Everton's quest for Champions League qualification is back on track but only after a series of controversial detours against West Ham. Anthony Taylor's direction of proceedings baffled and infuriated both teams and caused swift shifts of momentum at crucial times.
Everton prevailed and even though their third victory in 12 Premier league matches lifted them into the top four before Chelsea's home game with Aston Villa on Sunday, David Moyes's joy was tempered by his dismay at the display of a referee who disallowed a goal and issued two contentious red cards.
Sam Allardyce was even more aghast and the West Ham manager will seek a meeting with Taylor's superiors to ensure the 34-year-old official never repeats this performance.
West Ham benefited from the referee's first significant intervention, which came in the 12th minute. Leighton Baines delivered a typically precise corner to Leon Osman, who nodded into the net from 10 yards. The midfielder's joy was curtailed by the referee, who, on the advice of his assistant, chalked off the goal. The grounds for that decision were far from obvious, the best guess being that Victor Anichebe was penalised for some gentle jostling with goalkeeper Jussi Jaaskelainen.
"I was really annoyed with that decision," Moyes said. "I can't see how the linesman can give that decision when he is 50 yards away and the referee is only 15 away. It was tough to take."
It was even tougher to take two minutes later, when the reprieved hosts went in front. Matt Taylor slipped a pass through to Carlton Cole, who shrugged off Johnny Heitinga before firing a low shot into the net from the edge of the box for only his second goal of the season. Heitinga struggled to contain Cole all afternoon and had only been assigned that task because Phil Jagielka was shunted to right-back in the absence of the injured Seamus Coleman.
West Ham, however, failed to create any further chances in the first period, and Everton had the better of the play but they too struggled to conjure clear opportunities.
Nikica Jelavic should have equalised in the 49th minute when the ball broke to him six yards from goal. The Croatian shot smartly on the spin but straight at Jussi Jaaskelainen. The mounting threat from Everton persuaded Allardyce to make a change, and the substitute Modibo Maïga shot weakly wide after a counterattack led by Cole.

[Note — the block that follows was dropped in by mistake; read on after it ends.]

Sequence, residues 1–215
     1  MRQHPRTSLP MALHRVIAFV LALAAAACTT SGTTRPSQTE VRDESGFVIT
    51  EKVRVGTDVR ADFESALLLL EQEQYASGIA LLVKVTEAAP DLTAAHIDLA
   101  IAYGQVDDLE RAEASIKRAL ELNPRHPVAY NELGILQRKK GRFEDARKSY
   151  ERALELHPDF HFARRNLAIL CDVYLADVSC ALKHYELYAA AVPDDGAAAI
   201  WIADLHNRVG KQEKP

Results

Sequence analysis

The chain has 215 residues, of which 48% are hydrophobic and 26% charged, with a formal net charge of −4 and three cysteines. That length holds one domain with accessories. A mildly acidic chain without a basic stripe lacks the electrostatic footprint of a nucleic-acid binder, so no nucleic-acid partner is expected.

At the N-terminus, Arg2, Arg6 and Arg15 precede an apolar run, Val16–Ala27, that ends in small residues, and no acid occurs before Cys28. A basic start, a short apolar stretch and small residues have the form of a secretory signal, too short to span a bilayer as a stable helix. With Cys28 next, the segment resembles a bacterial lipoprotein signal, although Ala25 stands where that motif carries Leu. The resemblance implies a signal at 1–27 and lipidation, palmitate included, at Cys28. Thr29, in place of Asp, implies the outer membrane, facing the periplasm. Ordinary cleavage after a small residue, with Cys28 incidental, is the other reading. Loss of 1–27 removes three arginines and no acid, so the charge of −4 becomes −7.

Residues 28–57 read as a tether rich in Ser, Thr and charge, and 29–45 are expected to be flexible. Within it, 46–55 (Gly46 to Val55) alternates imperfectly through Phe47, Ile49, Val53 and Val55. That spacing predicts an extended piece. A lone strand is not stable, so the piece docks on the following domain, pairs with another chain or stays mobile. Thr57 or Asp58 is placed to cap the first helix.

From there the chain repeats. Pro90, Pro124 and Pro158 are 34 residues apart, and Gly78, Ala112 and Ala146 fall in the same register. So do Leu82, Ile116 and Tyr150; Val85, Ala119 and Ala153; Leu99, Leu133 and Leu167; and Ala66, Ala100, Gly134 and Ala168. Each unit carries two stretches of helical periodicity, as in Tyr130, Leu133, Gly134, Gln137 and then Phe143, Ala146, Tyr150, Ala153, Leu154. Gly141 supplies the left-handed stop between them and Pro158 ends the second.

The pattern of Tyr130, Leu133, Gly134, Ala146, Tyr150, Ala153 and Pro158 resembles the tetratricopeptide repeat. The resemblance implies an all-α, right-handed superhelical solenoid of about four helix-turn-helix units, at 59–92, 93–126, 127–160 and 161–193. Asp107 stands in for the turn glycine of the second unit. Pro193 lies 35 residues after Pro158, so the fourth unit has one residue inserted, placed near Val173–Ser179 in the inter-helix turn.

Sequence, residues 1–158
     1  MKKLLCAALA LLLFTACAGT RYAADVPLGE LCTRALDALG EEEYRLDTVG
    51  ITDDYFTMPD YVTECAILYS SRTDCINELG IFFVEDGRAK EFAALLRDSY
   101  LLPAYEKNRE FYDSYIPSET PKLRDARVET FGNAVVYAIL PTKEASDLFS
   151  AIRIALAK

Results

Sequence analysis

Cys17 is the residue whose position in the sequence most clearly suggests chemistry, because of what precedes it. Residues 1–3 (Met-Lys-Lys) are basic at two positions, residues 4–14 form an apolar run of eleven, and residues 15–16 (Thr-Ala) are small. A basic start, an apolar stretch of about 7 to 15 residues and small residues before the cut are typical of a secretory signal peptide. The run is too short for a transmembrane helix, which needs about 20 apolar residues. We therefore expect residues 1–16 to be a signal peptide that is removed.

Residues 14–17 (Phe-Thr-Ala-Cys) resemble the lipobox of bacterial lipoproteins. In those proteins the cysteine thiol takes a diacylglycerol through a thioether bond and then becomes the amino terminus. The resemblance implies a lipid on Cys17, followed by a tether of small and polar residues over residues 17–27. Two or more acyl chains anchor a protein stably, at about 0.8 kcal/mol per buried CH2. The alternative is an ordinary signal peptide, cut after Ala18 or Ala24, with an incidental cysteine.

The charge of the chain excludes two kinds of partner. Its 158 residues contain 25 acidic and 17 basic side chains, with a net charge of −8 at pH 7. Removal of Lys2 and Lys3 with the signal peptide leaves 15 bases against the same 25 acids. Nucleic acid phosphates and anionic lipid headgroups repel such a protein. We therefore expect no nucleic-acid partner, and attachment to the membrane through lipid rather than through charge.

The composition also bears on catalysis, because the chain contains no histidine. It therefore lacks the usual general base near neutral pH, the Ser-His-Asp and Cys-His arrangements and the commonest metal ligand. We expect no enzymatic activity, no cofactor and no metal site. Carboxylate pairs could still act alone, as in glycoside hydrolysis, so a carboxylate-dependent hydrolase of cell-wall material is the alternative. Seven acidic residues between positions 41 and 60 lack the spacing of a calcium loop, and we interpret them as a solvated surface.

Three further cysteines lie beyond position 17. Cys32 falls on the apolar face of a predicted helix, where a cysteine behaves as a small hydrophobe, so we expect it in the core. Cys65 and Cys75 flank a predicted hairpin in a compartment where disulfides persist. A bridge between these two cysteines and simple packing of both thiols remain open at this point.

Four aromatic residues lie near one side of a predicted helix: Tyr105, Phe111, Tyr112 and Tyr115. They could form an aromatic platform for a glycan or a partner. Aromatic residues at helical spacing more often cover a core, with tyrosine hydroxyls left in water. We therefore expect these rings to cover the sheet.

Four minutes later, Everton drew level thanks to a superb finish by Victor Anichebe, who headed home a Steven Pienaar cross into the corner of the net from seven yards.
West Ham had barely digested that when another controversial decision by the referee left them spluttering. Taylor showed Cole a red card in the 67th minute after the forward challenged Baines for a bouncing ball. While Baines stooped to head it, Cole raised his foot to kick it and instead prodded the defender near the chest. Baines did not even pretend to be hurt and both managers confessed to being shocked at Cole's expulsion. Allardyce wondered how Cole's challenge differed from a similar incident in the first half involving Anichebe and James Collins.
"We didn't get consistency from the referee and that had a massive effect on the result," Allardyce said.
Everton took advantage of the swing in fortunes. In the 73rd minute, Osman dribbled past two defenders to the byline and pulled the ball back across the face of goal, where it ricocheted off Matt Taylor and then Pienaar before trickling into the net. Jelavic missed a wonderful chance to increase Everton's lead when he blasted the ball into the side netting from four yards in stoppage time, and Kevin Nolan shot wide when he only had Tim Howard to beat.
In between those two chances, referee Taylor found some consistency, dismissing Darron Gibson for a challenge on Mark Noble similar to Cole's one on Baines. "After the first one he probably felt that if there was another foot raised high he'd have to do the same," Moyes said. "I said to him, I don't think that's the way to referee."
Both managers confirmed they will appeal against the expulsions and Allardyce said he will take the matter further. "I'd like to know what the referees' coaches or whoever think about what happened and what is the right way forward for Anthony Taylor," he said. "I'll pursue that quite vigorously to see what answers they give me. He has a difficult job but if he's not getting the right feedback and coaching and just told 'Well done, carry on,' then we've got a real problem."